[94]. No significant difference in 2-year survival and disease-free survival was found

between the 2 treatment groups. Six out of 36 patients (17%) assigned to primary CRT

were treated with salvage oesophagectomy [94]. A French study compared CRT

followed by surgery to CRT alone in patients with operable oesophageal cancer that

responded to CRT [93]. Two-year survival and 2-year local recurrence rate did not

differ significantly.

The results of these two RCTs need to be interpreted with caution, since they had

important methodological limitations (no accurate information on randomisation

procedure, absence of blinding). Above this, as in many other trials, surgery was not

standardized [93, 94].


26 Upper GI Cancer KCE reports 75

Surgery for oesophageal cancer should be aimed at achieving an R0 resection, and

should be considered preferentially through an en bloc resection (i.e. with systematic

abdominal and mediastinal lymph node dissection, the so-called two field

lymphadenectomy) [47, 56]. This recommendation is mainly based on the results of 1

RCT that compared extended transthoracic resection with two-field lymphadenectomy

to limited transhiatal resection without two-field lymphadenectomy [95]. A trend

towards improved 5-year survival was found in favour of the extended thoracic group.

The goal of lymphadenectomy is to optimize staging and to improve long-term

outcomes by decreasing the risk for local recurrence and increasing the probability of

an R0 resection [47, 56]. Two-field lymphadenectomy involves the clearance of

mediastinal (1 st field) and abdominal (2 nd field) lymph nodes, while three-field

lymphadenectomy also involves cervical lymph node clearance (3 rd field). The extent of

two-field lymphadenectomy is specified in relation to the extent of the mediastinal part

of the lymphadenectomy. Standard two-field lymphadenectomy involves the clearance of

lymph nodes from the carina down to the diaphragm. In extended two-field

lymphadenectomy, clearance is expanded to the right paratracheal and recurrent nerve,

while in total two-field lymphadenectomy clearance is further extended to the left

recurrent nerve [96]. Extensive two-field lymphadenectomy should be standard during

oesophagectomy [47]. Three-field lymphadenectomy is considered strictly

investigational, especially in distal third adenocarcinoma [60]. Indeed, data from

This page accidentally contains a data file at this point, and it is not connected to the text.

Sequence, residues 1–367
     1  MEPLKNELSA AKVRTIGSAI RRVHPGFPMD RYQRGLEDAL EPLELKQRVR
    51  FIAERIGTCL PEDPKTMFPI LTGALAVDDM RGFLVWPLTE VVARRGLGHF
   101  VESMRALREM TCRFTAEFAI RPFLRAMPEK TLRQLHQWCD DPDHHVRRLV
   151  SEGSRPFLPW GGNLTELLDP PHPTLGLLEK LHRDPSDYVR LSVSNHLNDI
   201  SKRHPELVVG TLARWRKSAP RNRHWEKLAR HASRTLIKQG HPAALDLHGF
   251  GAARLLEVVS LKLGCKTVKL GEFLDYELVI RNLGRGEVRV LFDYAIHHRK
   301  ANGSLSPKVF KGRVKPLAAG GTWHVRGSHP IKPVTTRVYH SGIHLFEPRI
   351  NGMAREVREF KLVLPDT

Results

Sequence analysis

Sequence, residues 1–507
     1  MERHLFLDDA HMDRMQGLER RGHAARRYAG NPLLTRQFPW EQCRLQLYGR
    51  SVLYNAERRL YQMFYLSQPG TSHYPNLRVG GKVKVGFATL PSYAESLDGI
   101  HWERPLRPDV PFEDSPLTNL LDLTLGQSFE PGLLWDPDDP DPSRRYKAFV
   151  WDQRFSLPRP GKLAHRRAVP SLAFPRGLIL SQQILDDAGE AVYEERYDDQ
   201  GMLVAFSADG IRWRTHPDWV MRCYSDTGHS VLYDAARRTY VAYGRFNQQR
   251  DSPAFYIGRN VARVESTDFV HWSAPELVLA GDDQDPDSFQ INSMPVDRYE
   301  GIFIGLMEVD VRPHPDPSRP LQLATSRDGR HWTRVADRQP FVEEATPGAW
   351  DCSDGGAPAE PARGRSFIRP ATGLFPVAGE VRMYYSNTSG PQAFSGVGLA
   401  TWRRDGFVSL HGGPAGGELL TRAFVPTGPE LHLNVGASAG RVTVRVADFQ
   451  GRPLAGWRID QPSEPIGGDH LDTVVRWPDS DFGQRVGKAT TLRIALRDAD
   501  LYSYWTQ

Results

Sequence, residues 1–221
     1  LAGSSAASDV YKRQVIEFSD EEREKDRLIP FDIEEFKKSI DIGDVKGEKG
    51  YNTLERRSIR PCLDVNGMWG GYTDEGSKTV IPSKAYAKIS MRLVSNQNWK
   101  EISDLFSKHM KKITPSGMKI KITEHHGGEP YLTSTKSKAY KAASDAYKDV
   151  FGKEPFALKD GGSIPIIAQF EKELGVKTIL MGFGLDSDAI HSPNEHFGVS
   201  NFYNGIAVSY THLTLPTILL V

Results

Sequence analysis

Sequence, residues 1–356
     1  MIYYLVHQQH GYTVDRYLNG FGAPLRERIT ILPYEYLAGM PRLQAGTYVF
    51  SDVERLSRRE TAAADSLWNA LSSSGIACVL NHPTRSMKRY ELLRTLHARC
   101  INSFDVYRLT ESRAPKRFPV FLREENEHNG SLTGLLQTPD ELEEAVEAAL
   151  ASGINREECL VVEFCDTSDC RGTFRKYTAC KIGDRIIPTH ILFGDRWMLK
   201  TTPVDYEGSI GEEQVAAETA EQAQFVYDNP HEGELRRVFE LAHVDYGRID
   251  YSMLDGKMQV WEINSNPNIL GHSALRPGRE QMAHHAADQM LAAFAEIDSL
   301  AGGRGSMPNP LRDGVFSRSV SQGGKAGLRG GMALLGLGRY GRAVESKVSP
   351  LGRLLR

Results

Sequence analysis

Western studies with three-field lymphadenectomy are scarce and are based on

relatively small sample sizes [60, 97].

Many studies have shown a relationship between patient outcomes (e.g. 30-day

mortality) and surgeon or hospital volume [47, 56, 98, 99]. Recently, a meta-analysis of

13 studies calculated that the experience of 20 oesophagectomies per year is needed to

significantly reduce postoperative mortality [100]. Therefore, oesophageal cancer

surgery should be carried out in high volume specialist surgical units by surgeons with

experience in oesophageal and GOJ cancer [47]. Recently, it was shown that specialty

training in thoracic surgery has an independent association with lower mortality after

oesophageal resection (adjusted mortality 12.4% vs. 16.5%; p = 0.01), although specialty

training appeared to be less important than hospital and surgeon volume [101]. Of

course, specialty training and high volume are closely related.

Recommendations

26. Surgical resection is considered standard treatment for patients with

resectable oesophageal cancer (1A recommendation).

27. Surgery for oesophageal cancer should be aimed at achieving an R0

resection, and should be considered preferentially through a

transthoracic en bloc resection (1A recommendation).

28. Extensive two-field lymphadenectomy should be standard during

oesophagectomy to improve staging, local disease control and

potentially cure rate (1C recommendation).

29. Three-field lymphadenectomy is strictly investigational (2C

recommendation).

30. Oesophageal cancer surgery should be carried out in high volume

specialist surgical units by surgeons with experience and/or specialist

training in oesophageal and gastro-oesophageal junction cancer (1C

recommendation).


KCE Reports 75 Upper GI Cancer 27

4.6.3 Adjuvant treatment

CCO provided an excellent overview of the literature concerning adjuvant treatment

for resectable oesophageal cancer [84]. Three RCTs of postoperative chemotherapy (all

cisplatin-based regimens) and surgery vs. surgery alone were identified. Pooled results

of 2 RCTs [102, 103] showed no significant difference in the risk of death at 3 years (RR

0.94; 95%CI 0.74 – 1.18; p=0.60) [84]. A third RCT also found no survival benefit for

postoperative chemotherapy, but 3-year survival was not reported [104].

CCO identified 5 RCTs of postoperative radiotherapy and surgery vs. surgery alone

[84]. Meta-analysis of these trials showed no significant difference in the risk of death

with postoperative radiotherapy and surgery at one year compared with surgery alone

(RR 1.23; 95%CI 0.95 – 1.59; p=0.11). The rate of local recurrence with radiotherapy

was lower in two RCTs, but this benefit was achieved at the expense of increased

morbidity [105, 106]. The most recent RCT found significantly improved 5-year survival

rates with adjuvant radiotherapy for stage III patients (35% vs. 13%; p=0.0027) [107].

However, this trial was hampered by some important methodological drawbacks (no

informed consent, no intention-to-treat analysis).

No RCTs on postoperative combined chemoradiotherapy vs. surgery alone were